Light Machine Corp. Benchman XTr (retrofit)

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14 Jul 2016 23:00 - 16 Jul 2016 00:01 #77469 by steve_a
Encoders: As I mentioned I a made a couple of cables that plug into the Encoder ribbon cables... This seems to be working well. On the BenchmanXT, So far I know that the X and Y axis are 50,000 counts/inch. A LOT of resolution and I seem to be getting really good accuracy. It HAS been unloaded so far but I'm hoping for really good results. My target is no more than .0005" error.
Here's my breakout from the encoders. My X cable has different colors but the signals still appear on the same ribbon cable conductors.

Encoder Output , Ribbon Cable , Ribbon Cable Conductor


VCC +5V White > Brown > 1
( VCC +5 White) > White > 2
- B channel Blue > Red > 3
+ B channel Green > White > 4
- A channel Pink > Orange > 5
+ A channel Red > White > 6
+ Z channel Yellow > Yellow > 7
0 V (grn) Black > White > 8
- Z channel Orange > Green > 9
( 0 V (grn) Black) > White > 10



Attachments:
Last edit: 16 Jul 2016 00:01 by steve_a. Reason: Add photos

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26 Jul 2016 15:56 #78047 by steve_a
So, FYI. use caution when enabling the machine. If there is a signal present and you have the encoder connected to tell the machine where the axis currently sits... and it doesn't match the target. It will react according to the PID settings and could run wild. I strongly advise anyone replacing the controller, to use a temporary extra emergency stop button for test purposes, that feeds the grounds (from pin 2) to the the Enable (pin 11), POS Enable (pin12) and NEG Enable (pin 13) on the amplifiers. This will allow you to disable everything quickly in case something unexpected happens and prevent breaking anything on the drive system. Oh and another FYI... you can get replacement drive belts from McMaster Carr: item number 6484K219 XL Series Timing Belt, Trade No. 90XL037.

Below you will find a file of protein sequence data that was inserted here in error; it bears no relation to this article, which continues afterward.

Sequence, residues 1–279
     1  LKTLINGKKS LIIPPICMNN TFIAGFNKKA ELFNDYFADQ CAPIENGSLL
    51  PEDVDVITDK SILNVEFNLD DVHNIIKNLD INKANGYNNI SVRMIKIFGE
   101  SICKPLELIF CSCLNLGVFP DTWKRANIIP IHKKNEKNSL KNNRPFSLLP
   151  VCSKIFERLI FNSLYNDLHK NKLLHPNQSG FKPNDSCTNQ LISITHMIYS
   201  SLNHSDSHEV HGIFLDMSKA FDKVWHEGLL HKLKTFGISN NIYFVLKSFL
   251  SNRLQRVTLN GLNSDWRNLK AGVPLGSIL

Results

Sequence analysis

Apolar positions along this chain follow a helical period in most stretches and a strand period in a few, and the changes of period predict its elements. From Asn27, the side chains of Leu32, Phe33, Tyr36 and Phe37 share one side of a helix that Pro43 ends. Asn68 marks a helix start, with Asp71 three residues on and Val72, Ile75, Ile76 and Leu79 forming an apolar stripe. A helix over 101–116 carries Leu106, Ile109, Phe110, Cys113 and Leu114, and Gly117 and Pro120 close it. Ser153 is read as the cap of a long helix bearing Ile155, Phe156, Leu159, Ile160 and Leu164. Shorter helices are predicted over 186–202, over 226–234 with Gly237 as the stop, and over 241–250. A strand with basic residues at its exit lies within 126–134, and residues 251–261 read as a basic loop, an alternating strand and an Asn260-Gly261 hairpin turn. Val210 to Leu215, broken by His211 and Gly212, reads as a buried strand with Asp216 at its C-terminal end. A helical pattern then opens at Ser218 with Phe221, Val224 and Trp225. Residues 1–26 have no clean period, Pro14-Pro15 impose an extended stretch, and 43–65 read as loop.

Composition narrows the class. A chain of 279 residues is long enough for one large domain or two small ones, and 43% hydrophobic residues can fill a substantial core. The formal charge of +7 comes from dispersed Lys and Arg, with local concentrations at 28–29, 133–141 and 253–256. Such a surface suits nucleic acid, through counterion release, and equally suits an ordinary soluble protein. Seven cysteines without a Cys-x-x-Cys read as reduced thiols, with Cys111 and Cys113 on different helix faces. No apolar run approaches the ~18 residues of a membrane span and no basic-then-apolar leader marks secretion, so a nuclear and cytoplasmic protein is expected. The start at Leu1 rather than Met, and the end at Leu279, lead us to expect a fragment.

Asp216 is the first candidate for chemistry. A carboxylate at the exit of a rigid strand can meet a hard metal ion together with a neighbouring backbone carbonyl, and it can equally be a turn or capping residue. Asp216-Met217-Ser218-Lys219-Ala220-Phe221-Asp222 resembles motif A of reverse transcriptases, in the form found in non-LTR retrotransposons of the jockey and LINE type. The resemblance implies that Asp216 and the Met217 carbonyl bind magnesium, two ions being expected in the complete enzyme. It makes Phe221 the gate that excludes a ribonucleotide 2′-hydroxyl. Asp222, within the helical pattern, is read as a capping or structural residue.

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26 Jul 2016 16:34 #78049 by PCW
Having Linuxcnc in control of the drive enables is really one of the first things that should be done in a servo retrofit
as this will catch runaways much faster than you can hit Estop (Estop is of course still needed)

If the encoders are working and LinuxCNC has control of the drive enables, you will get an immediate following error
and disabled drives in the event of a runaway

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27 Jul 2016 14:26 #78071 by steve_a
You are correct... I have a a bunch of wires strung all over the place just to test and be sure I know how I want to wire this thing. I've got pretty basic control just yet so I'm walking a tightrope for the moment. I'm just giving as much information as I can for anyone crazy enough to do the same. I'll have it under better control soon.

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28 Jul 2016 01:03 #78085 by MacGalempsy
Just an update on the original post. The machine made its first controlled cuts! The only things swapped were the oem mainboards for Mesa 5i25, 7i77 & 7i84. Only things added were a few pullup resistors and quiteva few relays!
WORKING
- X.Y, and Z axes home and move within 0.0002"
- zbrake off when estop is out
- spindle runs at variable speed
- flood coolant
- renishaw touch probe in (need to make a bracket for the tool height setter)
- ATC: actuators, endstops, dc motor, atc encoder, spindle hall detector
- electro doorlock signals closed and locked
- light comes on
- sso & fro pots input read (resds voltage in)

To-Do List
- setup classic ladder for the ATC
- figure out how to use the probe interface
- set scales on sso snd fro for pot adjustments
- interface physical on/off button
- setup mpg and increment dials
- machine new atc collet holders to work with Darkon collets
- setup 4th axis

The thing that made it all start to click was rearranging a copy of the hal file into components, parameters, and signals/pins.